Congrats to Rob, Keith…
…and some other internet writers at my alma mater.
The Base Ball Writers of America (I’d link to their website but it will burn your eyeballs) admitted two more ESPN writers, Rob Neyer and Keith Law, along with BP’s Christina Kahrl and Will Carroll. They all now get to vote on awards and Hall of Fame ballots, which hopefully will continue to drag those awards towards rationality, if not outright respectability.
Neyer is particularly satisfying to me. Neyer, more than any other writer, is responsible for me being the fan I am today. He was the first to demonstrate that quality baseball analysis could come from the internet, bringing the insight and statistical analysis of Bill James to the unwashed internet masses in a way that everyone could understand, with humor and sometimes a lot of mustard on his arguments. He often focused on the common-sense application of statistics in looking at baseball problems, showing how to reason through a problem. That stats didn’t have to be about arguing about a .1 run difference in setting replacement level offense but about how teams won and lost games and seasons.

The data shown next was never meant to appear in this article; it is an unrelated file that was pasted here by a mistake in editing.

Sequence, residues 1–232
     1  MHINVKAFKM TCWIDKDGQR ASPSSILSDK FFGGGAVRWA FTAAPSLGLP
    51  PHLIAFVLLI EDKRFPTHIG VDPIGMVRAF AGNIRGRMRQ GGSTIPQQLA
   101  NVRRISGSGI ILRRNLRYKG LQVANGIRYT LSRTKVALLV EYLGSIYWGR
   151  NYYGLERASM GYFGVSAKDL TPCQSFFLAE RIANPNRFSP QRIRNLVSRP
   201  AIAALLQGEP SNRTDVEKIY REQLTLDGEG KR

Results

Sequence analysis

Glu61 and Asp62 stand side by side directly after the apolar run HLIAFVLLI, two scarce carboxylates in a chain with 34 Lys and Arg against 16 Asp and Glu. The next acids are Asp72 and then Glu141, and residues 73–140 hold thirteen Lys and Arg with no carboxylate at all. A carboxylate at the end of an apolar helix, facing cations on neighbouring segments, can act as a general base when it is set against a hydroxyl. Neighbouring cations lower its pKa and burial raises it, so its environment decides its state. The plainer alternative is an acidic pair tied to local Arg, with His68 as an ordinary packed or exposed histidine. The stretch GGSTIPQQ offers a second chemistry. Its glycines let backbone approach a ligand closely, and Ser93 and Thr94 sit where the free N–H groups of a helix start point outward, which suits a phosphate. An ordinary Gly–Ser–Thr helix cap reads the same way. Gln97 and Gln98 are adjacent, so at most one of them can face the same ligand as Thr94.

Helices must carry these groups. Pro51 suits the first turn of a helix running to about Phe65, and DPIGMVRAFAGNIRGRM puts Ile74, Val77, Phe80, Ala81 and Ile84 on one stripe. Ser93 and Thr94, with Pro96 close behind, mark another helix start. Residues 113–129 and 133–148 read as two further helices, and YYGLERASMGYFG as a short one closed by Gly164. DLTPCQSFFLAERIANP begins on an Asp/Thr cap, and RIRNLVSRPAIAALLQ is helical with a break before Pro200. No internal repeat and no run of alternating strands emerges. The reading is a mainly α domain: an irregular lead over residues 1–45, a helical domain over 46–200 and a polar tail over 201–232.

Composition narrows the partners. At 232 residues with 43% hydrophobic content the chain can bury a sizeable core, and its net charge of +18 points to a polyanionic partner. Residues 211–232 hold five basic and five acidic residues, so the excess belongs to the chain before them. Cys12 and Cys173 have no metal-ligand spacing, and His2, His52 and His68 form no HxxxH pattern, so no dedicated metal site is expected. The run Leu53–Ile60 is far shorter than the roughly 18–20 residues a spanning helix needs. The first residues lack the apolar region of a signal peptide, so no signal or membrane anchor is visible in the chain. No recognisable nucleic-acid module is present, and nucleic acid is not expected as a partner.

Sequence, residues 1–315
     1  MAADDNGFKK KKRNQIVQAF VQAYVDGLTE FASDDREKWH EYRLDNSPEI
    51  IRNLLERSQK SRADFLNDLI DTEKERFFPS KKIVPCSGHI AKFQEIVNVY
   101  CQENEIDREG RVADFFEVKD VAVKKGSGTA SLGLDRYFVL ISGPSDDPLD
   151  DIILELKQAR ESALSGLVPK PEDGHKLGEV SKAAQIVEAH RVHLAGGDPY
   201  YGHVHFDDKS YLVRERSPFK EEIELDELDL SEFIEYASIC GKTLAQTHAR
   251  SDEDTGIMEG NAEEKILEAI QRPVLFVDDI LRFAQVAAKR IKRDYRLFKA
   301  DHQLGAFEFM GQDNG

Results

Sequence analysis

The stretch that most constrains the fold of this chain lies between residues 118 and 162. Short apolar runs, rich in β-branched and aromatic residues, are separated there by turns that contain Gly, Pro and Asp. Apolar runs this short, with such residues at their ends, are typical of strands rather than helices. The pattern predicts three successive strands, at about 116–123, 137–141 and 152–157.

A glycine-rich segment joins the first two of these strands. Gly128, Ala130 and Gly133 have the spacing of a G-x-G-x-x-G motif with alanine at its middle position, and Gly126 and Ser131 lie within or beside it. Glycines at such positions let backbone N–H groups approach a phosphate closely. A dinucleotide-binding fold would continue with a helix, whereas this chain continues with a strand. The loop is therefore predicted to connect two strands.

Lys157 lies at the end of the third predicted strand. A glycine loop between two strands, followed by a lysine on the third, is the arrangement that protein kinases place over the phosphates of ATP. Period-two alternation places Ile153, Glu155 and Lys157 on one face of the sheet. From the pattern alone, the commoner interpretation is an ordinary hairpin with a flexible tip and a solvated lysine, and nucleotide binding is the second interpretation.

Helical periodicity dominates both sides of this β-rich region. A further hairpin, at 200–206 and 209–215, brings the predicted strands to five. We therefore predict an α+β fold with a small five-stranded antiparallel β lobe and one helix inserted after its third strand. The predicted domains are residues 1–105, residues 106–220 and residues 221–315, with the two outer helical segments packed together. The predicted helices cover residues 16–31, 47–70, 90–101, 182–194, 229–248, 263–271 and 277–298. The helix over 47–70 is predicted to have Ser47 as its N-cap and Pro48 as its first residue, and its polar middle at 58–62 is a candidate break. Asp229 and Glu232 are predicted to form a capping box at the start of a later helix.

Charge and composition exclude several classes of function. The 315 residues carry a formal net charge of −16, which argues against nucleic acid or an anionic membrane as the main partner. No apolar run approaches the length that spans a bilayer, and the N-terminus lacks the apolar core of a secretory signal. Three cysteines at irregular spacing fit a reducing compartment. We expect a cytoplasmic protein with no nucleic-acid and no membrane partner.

Last year was the first year that the BBWAA waved in any internet-only writers, and I was so incensed that Rob didn’t get in that if I’d written about it you wouldn’t have been able to pick out the point from the swearing.
It makes me glad to see him get in today.
To move to Keith, it should be clear from his ESPN pieces there’s an enormous amount of work behind the improvement in their draft coverage (to pick one), and I’m happy his contributions have been recognized.
And congrats to the BP crew. I feel in writing this I risk starting the standard flame war, but allow me to be entirely positive: as much of a roster construction geek as I’ve become, I owe a huge debt to Christina Kahrl, who was the first to get me thinking about how small transactions make up a large season, and player skill sets complement each other in building a roster. And there’s a reason everyone reads Will’s stuff since he started doing injury analysis on BP.